The procedure of Example 4 is repeated except the polymeric UV absorber is added at 230° C. after the ester interchange step to produce a polyester composition which has similar UV light absorbing properties to that of Example 4.
Poly(ethylene terephthalate), (Eastman PET 7352) (400 g) is granulated using a Wiley mill thru a 2 mm screen and then blended with the polymeric UV absorber of Example 1 (400 ppm) and ethylene glycol (3 g). This blend is dried in a vacuum oven at 110° C. for 16 hours. A 15 mil film is prepared on a C. W. Brabender 3/4 in. extruder at 280° C. The UV absorbing properties of this film are similar to those prepared from the polymers of Examples 4 and 5.
The procedure of Example 4 is repeated using 0.0192 g (200 ppm) of the polymeric yellow colorant of Example 3. An amorphous 14 mil thick film is molded from this polymer which has an inherent viscosity of 0.56. In the absorption spectrum of the film, a maximum absorbance is observed at 439 nm which indicates good thermal stability of the yellow colorant. No loss of colorant is observed during the polymerization reaction by volatilization.
Poly(ethylene terephthalate) (Eastman PET 7352) (400 g) is granulated using a Wiley mill thru a 2 mm screen and then blended with the colorant of Example 3 (1000 ppm) and ethylene glycol (3 g). This blend is vacuum dried in an oven at 110° C. for 16 hours. A 15 mil thick film extruded on a C. W. Brabender 3/4 in. extruder at 280° C. has a maximum absorbance in the visible absorption at about 440 nm and has excellent clarity.
Polypropylene (Eastman Tenite 4235) (300 g) which has been granulated on a Wiley Mill using a 2 mm screen is dry blended with 1000 ppm (0.30 g) of polymeric yellow colorant of Example 3. The sample is extruded on a C. W. Brabender 3/4 in. extruder at 240° C. to product a 15 mil film which has a reddish yellow color.
The present invention is further illustrated by the examples of Tables I-II.
TABLE I Ex. No. A R4 R5 R6 ##STR13## 10 O2 CC(CN) H C2 H5 CH2 CH2 11 O2 CC(CN) 3-OCH3 C4 H9 -n CH2 CH2 CH2 12 O2 CC(CN) 2,5-di-OCH3 CH3 CH2 CH2 CH2 CH2 13 O2 CC(CN) 2,5-di-OC2 H5 CH2 CH(CH3)2 CH2 CH2 OCH2 CH2 14 O2 CC(CN) 2-OCH3, 5-CH3 CH2 CH(C.sub. 2 H5)C4 H9 -n CH2 CH(CH)3 15 O2 CC(CN) 3-Cl C2 H5 CH2 CH(C6 H5) 16 O2 CC(CN) 3-CH3 C6 H11 CH2 CH2 17 O2 CC(CN) H CH2 C6 H5 CH2 CH2 SCH2 CH2 18 O2 CC(CN) H CH2 C6 H4 -p-CH3 CH2 CH2 N(SO2 CH3)CH2 CH2 19 O2 CC(CN) H CH2 C6 H4 -o-Cl CH2 CH2 N(SO2 C6 H5)CH2 CH2 20 O2 CC(CN) H CH2 C6 H4 -p-CO2 CH3 CH2 CH2 SO2 CH2 CH2 21 O2 CC(CN) H CH2 C6 H4 -m-OCH3 CH2 C6 H10 -p-CH.sub. 2 ##STR14## 22 O2 CC(CN) H CH2 C6 H11 C6 H10 -p 23 O2 CC(CN) H CH2 CHCH2 CH2 C6 H4 -p-CH2 24 O2 CC(CN) 3-OCH2 CH3 C6 H5 CH2 CH2 25 O2 CC(CN) 3-C2 H5 C6 H4 -p-OCH3 CH2 CH2 C6 H4 -p 26 O2 CC(CN) H C6 H5 C6 H4 -p- 27 O2 CC(CN) H CH2 CH2 OC2 H5 CH2 CH2 28 O2 CC(CO2 C2 H.sub. 5) H C2 H5 CH2 CH2 29 O2 CC(CONH2) 3-CH3 C6 H10 -p-CH3 CH2 CH(CH3) 30 O2 CC(CONHCH3) H CH2 CH2 CN CH2 CH2 31 O2 CC[CON(CH3)2 ] H CH2 CH2 OC6 H5 CH2 CH2 32 O2 CC(CONHC6 H5) H CH2 CH2 Cl CH2 CH2 OCH2 CH2 O 33 O2 CC(SO2 CH3) H CH2 CH2 OCH2 CH2 OC2 H5 CH2 CH2 CH2 ##STR15## 34 O2 CC(SO2 C6 H5) H CH2 CH2 OCOCH3 CH2 CH2 35 O2 CC(SO2 C6 H11) H CH2 CH2 SCH3 CH2 CH2 OC6 H4 -p-OCH2 CH2 36 O2 CC(C6 H5) H CH2 CH2 SC6 H5 CH2 CH2 SCH2 CH2 37 ##STR16## H CH2 CH2 CH2 SO2 CH3 CH2 CH2 38 ##STR17## H CH2 CH2 SO2 CHCH2 CH2 CH2 39 ##STR18## 3-CH3 CH2 CH2 SO2 C6 H5 CH2 CH2 CH2 CH2 CH2 CH2 40 NHCOC(CN) H ##STR19## CH2 CH2 41 O2 SC(CN) H ##STR20## CH2 CH2 42 ##STR21## 3-CH3 ##STR22## CH2 CH2 43 OCC(CN) H ##STR23## C6 H4 -p- 44 ##STR24## H ##STR25## CH2 CH2 OCH.sub. 2 CH2 45 ##STR26## H ##STR27## CH2 CH2 46 ##STR28## H ##STR29## CH2 CH2 47 ##STR30## H ##STR31## CH2 CH2 48 ##STR32## 3-CH3 CH2 CH3 CH2 CH2 49 ##STR33## H ##STR34## CH2 CH2 50 ##STR35## H ##STR36## CH2 CH2 51 ##STR37## H ##STR38## CH2 CH2 52 ##STR39## H ##STR40## CH2 CH2 53 ##STR41## H CH2 CH2 SO2 CH2 CH2 SC6 H5 CH2 CH2 54 ##STR42## H CH2 CH2 C6 H5 CH2 CH2 55 ##STR43## H C2 H5 CH2 CH2 56 ##STR44## 3-CH3 C2 H5 CH2 CH2 57 ##STR45## H CH3 CH2 CH(CH3) 58 ##STR46## 3-Cl C6 H5 CH2 CH2 59 ##STR47## H C2 H3 CH2 CH2 60 ##STR48## H C6 H11 CH.sub. 2 CH2 61 ##STR49## 3-OCH3 C6 H5 CH2 CH2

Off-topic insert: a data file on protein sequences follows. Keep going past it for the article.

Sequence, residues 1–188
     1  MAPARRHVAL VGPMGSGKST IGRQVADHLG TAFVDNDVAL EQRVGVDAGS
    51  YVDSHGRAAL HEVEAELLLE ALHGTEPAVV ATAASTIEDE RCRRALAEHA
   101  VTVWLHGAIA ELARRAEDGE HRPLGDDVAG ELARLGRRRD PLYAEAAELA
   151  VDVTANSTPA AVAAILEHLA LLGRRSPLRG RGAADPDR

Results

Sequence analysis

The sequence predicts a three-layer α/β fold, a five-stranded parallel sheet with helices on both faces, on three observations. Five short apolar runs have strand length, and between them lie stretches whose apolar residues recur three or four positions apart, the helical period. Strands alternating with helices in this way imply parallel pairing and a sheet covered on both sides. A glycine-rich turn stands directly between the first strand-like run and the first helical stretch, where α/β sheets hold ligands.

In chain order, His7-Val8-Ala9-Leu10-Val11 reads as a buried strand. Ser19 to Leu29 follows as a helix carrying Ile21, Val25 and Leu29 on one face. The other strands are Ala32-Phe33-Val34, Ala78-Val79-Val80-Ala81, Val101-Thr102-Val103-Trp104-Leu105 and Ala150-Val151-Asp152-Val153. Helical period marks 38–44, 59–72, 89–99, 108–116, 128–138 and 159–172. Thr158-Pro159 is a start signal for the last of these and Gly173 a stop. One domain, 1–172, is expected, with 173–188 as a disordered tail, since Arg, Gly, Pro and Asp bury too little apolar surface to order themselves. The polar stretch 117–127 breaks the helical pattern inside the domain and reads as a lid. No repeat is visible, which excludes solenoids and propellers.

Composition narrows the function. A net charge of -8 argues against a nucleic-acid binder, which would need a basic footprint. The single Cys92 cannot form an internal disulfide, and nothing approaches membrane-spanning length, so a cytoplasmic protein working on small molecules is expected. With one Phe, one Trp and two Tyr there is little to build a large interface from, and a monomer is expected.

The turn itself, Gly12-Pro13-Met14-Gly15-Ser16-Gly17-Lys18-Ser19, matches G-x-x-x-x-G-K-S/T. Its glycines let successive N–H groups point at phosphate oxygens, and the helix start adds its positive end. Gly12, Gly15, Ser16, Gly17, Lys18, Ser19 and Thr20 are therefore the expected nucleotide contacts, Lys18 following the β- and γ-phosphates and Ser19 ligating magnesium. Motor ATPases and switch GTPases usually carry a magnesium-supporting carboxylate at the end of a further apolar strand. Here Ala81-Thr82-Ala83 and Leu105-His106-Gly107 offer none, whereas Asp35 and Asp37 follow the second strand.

TABLE II__________________________________________________________________________(AHCB) nEx. No.A B__________________________________________________________________________62 O2 CC(CN) ##STR50##63 O2 CC(CN) ##STR51##64 O2 CC(CN) ##STR52##65 O2 CC(SO2 C6 H5) ##STR53##66 ##STR54## ##STR55##67 ##STR56## ##STR57##68 O2 CC(CN) ##STR58##69 O2 CC(CN) ##STR59##70 O2 CC(CN) ##STR60##71 ##STR61## ##STR62##72 ##STR63## ##STR64##73 O2 CC(CN) ##STR65##74 O2 CC(SO2 CH3) ##STR66##75 O2 CC(CN) ##STR67##76 ##STR68## ##STR69##77 ##STR70## ##STR71##78 O2 CC(CONHC6 H5) ##STR72##79 O2 CC(CN) ##STR73##80 O2 CC(CO2 C2 H5) ##STR74##81 ##STR75## ##STR76##82 ##STR77## ##STR78##83 O2 CC(CN) ##STR79##84 O2 CC(CN) ##STR80##85 O2 CC(CN) ##STR81##86 O2 CC(CN) ##STR82##87 O2 CC(CN) ##STR83##88 O2 CC(CN) ##STR84##89 O2 CC(CN) ##STR85##90 O2 CC(CN) ##STR86##91 O2 C(CN) ##STR87##92 O2 C(CN) ##STR88##93 O2 C(CN) ##STR89##94 O2 C(CN) ##STR90##95 O2 C(CN) ##STR91##96 O2 C(CN) ##STR92##97 O2 C(CN) ##STR93##98 O2 C(CN) ##STR94##__________________________________________________________________________
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|U.S. Classification||525/165, 525/435, 528/230, 525/432, 525/434, 528/266, 528/271, 528/267, 525/166, 525/185, 525/398, 525/466, 525/186, 525/467|
|Aug 30, 1994||AS||Assignment|